Interior with Storm System by Emily Geminder
Associate fiction editor Krys Malcolm Belc on today's bonus story: In this tablespoon-sized wonder, Emily Geminder cracks open a mysterious, haunting person to find a whirlwind of devastation and its eerie remnants inside. Charged, poetic, and hypnotic, this short piece strikes me a new way each time I look at it and leaves me with more to imagine.
Interior with Storm System
Open it: black hole at the center of the chest. Closet of flesh, blood. Inside you: storm windows, yellow foam, exit sign with blown fuse. Your sister, the prophet, had a sign like that. Long ago and nailed above a window. Its meaning: electric. Its promise: out and through. She wrote: The things in me, you’ll never know. She didn’t say: rooms within rooms, labyrinth of voices, dissolve of brittle white moons. You’d never know. You: dumb, bereft of tongue. TV stuck on mute. Inside you: static and noise. Storm system moving through the tri-state area. Travelers, be warned. You: boarded-up room with only one door. Hurricane, foaming waves, exit wound. You: your one and only voice dropped like a penny at sea. You.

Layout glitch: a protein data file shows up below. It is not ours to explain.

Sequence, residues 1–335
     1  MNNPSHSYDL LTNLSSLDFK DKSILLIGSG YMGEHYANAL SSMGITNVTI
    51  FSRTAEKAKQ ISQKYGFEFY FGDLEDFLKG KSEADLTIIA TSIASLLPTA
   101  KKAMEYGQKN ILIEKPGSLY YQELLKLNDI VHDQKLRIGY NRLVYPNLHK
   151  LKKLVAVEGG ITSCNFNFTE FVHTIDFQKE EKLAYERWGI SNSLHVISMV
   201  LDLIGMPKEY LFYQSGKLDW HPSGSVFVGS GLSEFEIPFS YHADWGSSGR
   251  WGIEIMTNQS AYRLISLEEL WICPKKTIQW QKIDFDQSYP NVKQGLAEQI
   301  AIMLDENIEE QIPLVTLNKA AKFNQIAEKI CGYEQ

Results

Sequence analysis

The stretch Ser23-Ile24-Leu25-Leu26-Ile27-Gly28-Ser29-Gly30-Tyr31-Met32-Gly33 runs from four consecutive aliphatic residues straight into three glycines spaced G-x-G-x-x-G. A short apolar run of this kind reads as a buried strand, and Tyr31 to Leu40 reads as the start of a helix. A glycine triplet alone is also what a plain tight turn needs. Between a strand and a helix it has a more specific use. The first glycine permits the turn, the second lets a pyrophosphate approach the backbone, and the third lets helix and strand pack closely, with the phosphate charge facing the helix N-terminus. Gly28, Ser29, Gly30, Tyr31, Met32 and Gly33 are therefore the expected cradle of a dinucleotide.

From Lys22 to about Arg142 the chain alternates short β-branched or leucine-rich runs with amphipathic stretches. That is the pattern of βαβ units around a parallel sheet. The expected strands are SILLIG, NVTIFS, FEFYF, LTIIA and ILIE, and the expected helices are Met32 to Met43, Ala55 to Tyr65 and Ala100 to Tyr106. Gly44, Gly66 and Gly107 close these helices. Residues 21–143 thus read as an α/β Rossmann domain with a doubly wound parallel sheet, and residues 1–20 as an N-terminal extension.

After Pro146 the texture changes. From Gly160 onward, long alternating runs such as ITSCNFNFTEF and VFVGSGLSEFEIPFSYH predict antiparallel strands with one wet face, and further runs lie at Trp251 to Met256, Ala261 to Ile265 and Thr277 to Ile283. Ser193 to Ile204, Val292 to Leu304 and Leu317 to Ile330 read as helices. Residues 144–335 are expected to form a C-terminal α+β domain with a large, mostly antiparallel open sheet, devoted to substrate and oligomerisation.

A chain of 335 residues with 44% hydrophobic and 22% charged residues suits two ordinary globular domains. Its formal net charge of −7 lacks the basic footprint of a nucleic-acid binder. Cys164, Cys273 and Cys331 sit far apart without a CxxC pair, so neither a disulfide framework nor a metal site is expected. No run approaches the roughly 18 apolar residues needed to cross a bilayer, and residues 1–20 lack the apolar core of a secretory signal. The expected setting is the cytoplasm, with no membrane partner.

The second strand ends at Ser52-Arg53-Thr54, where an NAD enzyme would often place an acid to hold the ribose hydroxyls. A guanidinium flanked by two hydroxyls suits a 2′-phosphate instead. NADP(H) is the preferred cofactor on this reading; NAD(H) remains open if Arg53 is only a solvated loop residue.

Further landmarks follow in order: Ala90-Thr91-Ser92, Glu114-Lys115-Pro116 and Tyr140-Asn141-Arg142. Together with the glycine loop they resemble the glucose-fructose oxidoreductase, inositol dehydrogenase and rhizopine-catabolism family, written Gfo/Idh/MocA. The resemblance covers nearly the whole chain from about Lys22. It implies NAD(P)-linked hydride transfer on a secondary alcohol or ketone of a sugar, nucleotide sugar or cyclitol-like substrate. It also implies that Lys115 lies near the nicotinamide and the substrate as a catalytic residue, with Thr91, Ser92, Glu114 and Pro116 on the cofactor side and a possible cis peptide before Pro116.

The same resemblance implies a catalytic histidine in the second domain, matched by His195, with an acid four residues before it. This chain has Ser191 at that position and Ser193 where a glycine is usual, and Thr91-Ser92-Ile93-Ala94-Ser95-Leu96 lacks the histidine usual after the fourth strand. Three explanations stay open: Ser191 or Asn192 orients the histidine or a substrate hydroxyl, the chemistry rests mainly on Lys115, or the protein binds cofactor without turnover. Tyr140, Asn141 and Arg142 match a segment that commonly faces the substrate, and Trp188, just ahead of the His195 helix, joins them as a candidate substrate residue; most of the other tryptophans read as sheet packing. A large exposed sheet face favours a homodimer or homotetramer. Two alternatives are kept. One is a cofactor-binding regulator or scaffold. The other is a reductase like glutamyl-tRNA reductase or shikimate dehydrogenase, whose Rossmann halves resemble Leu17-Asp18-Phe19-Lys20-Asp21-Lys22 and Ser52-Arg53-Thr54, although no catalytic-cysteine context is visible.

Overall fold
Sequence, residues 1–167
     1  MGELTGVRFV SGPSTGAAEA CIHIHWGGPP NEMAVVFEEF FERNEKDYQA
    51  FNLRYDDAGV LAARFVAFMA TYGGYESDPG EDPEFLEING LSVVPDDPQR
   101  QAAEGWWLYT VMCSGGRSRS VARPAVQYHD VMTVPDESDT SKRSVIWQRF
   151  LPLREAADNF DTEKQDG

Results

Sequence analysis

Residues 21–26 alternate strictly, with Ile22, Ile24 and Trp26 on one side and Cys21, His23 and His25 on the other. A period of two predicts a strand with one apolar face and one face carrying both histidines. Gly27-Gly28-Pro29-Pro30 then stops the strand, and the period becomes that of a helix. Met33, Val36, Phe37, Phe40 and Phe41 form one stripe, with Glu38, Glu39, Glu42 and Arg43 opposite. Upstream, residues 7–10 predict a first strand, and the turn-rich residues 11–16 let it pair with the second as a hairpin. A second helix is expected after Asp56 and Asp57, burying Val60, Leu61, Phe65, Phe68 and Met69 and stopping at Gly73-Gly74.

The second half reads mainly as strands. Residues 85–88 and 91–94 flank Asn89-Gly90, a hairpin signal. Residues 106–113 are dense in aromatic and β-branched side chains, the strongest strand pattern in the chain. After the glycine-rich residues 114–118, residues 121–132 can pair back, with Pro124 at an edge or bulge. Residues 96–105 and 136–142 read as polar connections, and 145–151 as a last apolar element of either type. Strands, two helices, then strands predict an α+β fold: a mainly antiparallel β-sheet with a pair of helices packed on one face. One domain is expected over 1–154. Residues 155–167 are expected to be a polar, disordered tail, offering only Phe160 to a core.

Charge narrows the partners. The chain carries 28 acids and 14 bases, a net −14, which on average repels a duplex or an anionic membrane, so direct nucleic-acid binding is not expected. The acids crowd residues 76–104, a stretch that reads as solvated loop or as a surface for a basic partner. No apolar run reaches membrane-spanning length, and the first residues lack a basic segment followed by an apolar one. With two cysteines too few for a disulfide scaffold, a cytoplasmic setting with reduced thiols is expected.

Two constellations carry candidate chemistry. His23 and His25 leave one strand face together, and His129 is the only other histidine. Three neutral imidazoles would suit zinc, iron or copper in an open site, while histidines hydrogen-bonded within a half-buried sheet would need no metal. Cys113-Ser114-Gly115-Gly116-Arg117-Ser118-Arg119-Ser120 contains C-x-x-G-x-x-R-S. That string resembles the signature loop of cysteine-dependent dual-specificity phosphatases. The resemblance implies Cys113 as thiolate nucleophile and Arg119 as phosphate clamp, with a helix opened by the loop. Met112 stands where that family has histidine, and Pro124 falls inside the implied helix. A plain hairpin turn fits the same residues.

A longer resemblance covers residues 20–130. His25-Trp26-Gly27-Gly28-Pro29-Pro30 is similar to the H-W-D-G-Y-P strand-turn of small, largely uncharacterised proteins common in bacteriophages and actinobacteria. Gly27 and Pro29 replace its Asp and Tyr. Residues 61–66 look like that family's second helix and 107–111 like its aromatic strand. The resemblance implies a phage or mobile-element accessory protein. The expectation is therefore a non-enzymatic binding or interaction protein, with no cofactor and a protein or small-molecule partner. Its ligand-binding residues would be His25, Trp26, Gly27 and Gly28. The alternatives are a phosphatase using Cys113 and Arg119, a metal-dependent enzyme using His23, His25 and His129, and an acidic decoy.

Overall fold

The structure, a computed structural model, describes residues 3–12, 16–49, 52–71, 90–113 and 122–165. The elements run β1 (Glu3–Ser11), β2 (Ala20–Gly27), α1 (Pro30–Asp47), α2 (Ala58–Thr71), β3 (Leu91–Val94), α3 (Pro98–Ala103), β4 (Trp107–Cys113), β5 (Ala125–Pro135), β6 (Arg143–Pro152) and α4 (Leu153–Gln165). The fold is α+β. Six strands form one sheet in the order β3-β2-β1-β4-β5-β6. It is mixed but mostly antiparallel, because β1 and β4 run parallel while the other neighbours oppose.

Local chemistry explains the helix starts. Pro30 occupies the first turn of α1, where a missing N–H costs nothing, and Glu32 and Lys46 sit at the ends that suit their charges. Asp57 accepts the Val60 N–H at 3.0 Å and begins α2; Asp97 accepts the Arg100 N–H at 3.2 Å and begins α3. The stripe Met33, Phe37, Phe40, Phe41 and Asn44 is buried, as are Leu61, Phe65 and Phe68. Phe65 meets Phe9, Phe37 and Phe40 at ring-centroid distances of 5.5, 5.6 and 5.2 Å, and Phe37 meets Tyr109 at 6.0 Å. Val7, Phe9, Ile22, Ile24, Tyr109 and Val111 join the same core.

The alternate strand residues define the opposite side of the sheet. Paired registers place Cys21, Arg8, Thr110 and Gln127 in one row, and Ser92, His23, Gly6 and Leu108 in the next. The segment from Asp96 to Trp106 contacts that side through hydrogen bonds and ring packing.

Emily Geminder’s short stories, poems, and essays have appeared in AGNI, American Short Fiction, Mississippi Review, New England Review, Prairie Schooner, Tin House Open Bar, Witness, and elsewhere. She is the recipient of an AWP Intro Journals Award and a Glenna Luschei Prairie Schooner Award, and her work was noted in Best American Essays 2016. She is currently a doctoral fellow in fiction at the University of Southern California.